Why Marlon Brando Owned the Role of Stanley in A Streetcar Named Desire

        Brando was the first person to play the role of Stanley on stage and screen. He was young, obviously blue collar, and completely perfect for the role of the brutish, abusive Stanley. He perfected the charming, frighteningly powerful grace and violence that Stanley should possess. He shouted in his nearly indistinguishable drawl, commanding Stella and Blanche and anyone else who happened across his path on the stage in Tennessee Williams’ 1947 A Streetcar Named Desire.

        In between scenes, Brando would convince stagehands to box with him, to keep him energized, and to indulge in his sheer love of boxing. During one such boxing event, a stagehand caught Brando off-guard and hit him square in the nose, breaking it across the bridge. The stagehands attempted to stop the bleeding but the play was still going on; so Brando simply went back out, finishing the entire performance with a bleeding, broken nose. He felt, if nothing else, it would add realism to his Neanderthal of a character. It seemed perfectly logical that somewhere off-stage Stanley Kowalski might have gotten into a fistfight and sustained an injury or two.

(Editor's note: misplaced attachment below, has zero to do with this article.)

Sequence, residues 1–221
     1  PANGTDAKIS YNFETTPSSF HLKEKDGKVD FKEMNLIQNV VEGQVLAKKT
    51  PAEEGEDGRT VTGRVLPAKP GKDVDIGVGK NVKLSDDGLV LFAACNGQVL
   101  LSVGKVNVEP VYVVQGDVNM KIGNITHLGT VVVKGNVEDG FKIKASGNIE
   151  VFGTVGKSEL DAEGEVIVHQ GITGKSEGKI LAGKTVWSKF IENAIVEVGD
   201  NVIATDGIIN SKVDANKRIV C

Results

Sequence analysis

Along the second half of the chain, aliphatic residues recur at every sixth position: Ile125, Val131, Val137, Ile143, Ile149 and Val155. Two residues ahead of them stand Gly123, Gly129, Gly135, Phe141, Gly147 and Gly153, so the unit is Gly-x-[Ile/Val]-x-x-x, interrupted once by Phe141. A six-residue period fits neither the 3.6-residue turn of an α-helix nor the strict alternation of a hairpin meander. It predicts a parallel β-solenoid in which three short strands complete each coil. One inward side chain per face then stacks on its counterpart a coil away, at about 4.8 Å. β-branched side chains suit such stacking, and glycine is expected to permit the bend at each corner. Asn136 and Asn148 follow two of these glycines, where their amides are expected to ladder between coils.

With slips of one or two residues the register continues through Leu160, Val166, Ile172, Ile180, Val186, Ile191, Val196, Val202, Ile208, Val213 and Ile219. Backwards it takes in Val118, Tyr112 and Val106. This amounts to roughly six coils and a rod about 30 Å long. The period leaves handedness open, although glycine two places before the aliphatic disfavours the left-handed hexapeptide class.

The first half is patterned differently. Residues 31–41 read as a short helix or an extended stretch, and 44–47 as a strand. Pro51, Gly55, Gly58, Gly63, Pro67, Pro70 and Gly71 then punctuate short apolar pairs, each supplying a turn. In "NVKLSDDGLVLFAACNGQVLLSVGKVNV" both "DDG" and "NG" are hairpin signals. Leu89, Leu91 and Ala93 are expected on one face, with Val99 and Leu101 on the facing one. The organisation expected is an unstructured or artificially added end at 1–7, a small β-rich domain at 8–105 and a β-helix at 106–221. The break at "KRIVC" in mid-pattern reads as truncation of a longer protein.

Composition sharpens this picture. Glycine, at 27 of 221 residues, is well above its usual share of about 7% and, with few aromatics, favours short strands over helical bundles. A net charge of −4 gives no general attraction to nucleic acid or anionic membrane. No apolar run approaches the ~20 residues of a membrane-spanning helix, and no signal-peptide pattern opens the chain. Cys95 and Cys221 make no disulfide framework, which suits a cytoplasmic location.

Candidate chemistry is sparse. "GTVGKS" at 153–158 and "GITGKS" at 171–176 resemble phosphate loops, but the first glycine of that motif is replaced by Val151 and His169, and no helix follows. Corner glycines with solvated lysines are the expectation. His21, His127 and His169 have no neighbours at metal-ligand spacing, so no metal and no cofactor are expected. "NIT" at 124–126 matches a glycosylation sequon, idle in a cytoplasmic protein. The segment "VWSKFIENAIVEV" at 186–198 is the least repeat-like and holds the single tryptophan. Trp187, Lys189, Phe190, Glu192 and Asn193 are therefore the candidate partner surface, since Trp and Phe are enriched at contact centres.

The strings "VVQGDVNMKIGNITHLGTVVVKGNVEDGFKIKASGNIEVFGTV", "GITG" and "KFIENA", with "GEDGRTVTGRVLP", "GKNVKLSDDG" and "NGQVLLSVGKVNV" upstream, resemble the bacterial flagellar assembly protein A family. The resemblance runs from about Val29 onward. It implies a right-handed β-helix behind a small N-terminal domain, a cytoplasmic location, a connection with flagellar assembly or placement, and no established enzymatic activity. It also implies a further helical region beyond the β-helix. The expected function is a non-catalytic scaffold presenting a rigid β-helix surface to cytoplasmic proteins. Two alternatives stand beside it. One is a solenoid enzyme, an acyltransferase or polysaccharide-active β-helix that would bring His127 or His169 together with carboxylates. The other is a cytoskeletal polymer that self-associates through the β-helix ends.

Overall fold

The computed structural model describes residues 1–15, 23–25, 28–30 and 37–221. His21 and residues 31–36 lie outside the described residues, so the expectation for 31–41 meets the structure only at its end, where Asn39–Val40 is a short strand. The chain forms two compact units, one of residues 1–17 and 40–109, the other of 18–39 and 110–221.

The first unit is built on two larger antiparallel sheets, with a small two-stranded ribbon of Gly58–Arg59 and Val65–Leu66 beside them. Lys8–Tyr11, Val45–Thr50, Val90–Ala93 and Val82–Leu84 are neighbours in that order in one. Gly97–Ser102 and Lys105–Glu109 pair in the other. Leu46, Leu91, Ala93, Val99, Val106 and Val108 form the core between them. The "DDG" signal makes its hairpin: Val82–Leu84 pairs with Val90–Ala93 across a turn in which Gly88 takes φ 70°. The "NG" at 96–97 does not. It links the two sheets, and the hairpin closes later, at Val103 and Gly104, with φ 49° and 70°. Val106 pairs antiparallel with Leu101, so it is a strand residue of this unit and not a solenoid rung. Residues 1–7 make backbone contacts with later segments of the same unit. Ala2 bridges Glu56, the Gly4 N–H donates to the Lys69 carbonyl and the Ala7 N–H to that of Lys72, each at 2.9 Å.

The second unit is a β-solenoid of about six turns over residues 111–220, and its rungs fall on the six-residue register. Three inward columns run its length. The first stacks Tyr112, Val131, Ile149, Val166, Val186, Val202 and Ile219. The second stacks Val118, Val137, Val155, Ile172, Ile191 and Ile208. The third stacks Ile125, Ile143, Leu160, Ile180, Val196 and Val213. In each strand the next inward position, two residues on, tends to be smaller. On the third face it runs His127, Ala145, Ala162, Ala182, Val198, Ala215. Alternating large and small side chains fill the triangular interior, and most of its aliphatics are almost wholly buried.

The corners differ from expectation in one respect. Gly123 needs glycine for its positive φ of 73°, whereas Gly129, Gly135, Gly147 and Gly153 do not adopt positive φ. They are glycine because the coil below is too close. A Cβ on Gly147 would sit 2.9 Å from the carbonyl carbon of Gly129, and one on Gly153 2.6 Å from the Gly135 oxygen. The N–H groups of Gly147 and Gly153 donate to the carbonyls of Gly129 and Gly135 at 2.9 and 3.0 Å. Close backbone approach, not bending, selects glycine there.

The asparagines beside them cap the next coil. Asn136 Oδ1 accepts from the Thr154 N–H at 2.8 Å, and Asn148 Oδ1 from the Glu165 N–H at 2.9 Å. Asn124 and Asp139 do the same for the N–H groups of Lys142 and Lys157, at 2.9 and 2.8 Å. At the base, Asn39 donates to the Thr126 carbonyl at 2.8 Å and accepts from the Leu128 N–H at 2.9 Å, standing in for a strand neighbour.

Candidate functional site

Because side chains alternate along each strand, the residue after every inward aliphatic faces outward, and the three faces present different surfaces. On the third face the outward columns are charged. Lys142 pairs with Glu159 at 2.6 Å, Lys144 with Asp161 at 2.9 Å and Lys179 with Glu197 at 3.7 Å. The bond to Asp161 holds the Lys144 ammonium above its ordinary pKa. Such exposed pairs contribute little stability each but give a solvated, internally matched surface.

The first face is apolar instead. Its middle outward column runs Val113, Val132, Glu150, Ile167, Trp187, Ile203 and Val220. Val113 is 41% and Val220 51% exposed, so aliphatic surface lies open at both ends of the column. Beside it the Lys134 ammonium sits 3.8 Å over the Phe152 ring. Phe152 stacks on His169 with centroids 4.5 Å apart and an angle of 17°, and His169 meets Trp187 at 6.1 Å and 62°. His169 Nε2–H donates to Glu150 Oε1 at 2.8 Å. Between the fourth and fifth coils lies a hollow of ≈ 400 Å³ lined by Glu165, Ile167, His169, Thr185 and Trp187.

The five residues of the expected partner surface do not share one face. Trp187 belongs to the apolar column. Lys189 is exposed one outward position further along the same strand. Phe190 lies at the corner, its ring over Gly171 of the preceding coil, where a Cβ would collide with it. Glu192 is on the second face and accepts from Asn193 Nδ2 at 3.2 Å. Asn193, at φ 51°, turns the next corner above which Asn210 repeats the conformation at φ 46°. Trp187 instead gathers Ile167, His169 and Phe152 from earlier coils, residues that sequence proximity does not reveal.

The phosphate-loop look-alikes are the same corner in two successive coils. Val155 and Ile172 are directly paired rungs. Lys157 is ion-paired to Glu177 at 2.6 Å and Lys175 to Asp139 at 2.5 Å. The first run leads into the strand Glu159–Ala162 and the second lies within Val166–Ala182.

Brando, in Elia Kazan’s 1951 movie version, is brutal, rough, powerful and sensual. It is easy to imagine why Stella (Kim Hunter) seems to have difficulty coming up with enough reasons to justify leaving him. He is awful, and abusive; but then he goes back outside, soaking wet, and screams for his girl to come back down to him. It is almost heartbreaking to hear his voice screaming out for Stella that way. He sobs and breaks down in front of her—this man who has heretofore only been obnoxious and crass. He is apparently, in this moment, as sensitive and terrified of losing his wife as any man would be.

        Brando brings an array of intense layers to the character of Stanley Kowalski. It would be easy to portray him as a mindless monster, hitting women and shouting and raping his way through the play, but that is not what Brando does. He is at one moment a little boy; at another a loving husband, pleased his wife is pregnant; at another a domineering terror. He is multi-faceted in the same way that Brando was in life, which is why he is able, in my opinion, to show Stanley’s animalistic side and his tender, loving side as well.

Alexa K Adams